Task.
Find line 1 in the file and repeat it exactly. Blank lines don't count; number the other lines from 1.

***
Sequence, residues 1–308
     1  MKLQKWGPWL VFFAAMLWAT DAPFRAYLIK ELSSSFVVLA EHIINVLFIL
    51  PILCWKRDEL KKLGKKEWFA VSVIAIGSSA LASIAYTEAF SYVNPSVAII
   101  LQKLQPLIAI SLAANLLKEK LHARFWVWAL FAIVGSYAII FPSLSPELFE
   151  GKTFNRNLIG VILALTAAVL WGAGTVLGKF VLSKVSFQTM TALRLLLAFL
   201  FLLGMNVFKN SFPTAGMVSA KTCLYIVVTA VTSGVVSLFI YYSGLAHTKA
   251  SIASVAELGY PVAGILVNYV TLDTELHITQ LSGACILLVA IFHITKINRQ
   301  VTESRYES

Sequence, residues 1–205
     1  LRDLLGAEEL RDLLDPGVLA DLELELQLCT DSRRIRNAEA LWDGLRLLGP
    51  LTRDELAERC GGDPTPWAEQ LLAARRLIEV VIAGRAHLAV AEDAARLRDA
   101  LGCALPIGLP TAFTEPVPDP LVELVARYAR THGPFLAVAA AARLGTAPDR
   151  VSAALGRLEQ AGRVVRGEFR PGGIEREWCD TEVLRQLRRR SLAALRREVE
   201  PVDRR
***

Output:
Sequence, residues 1–308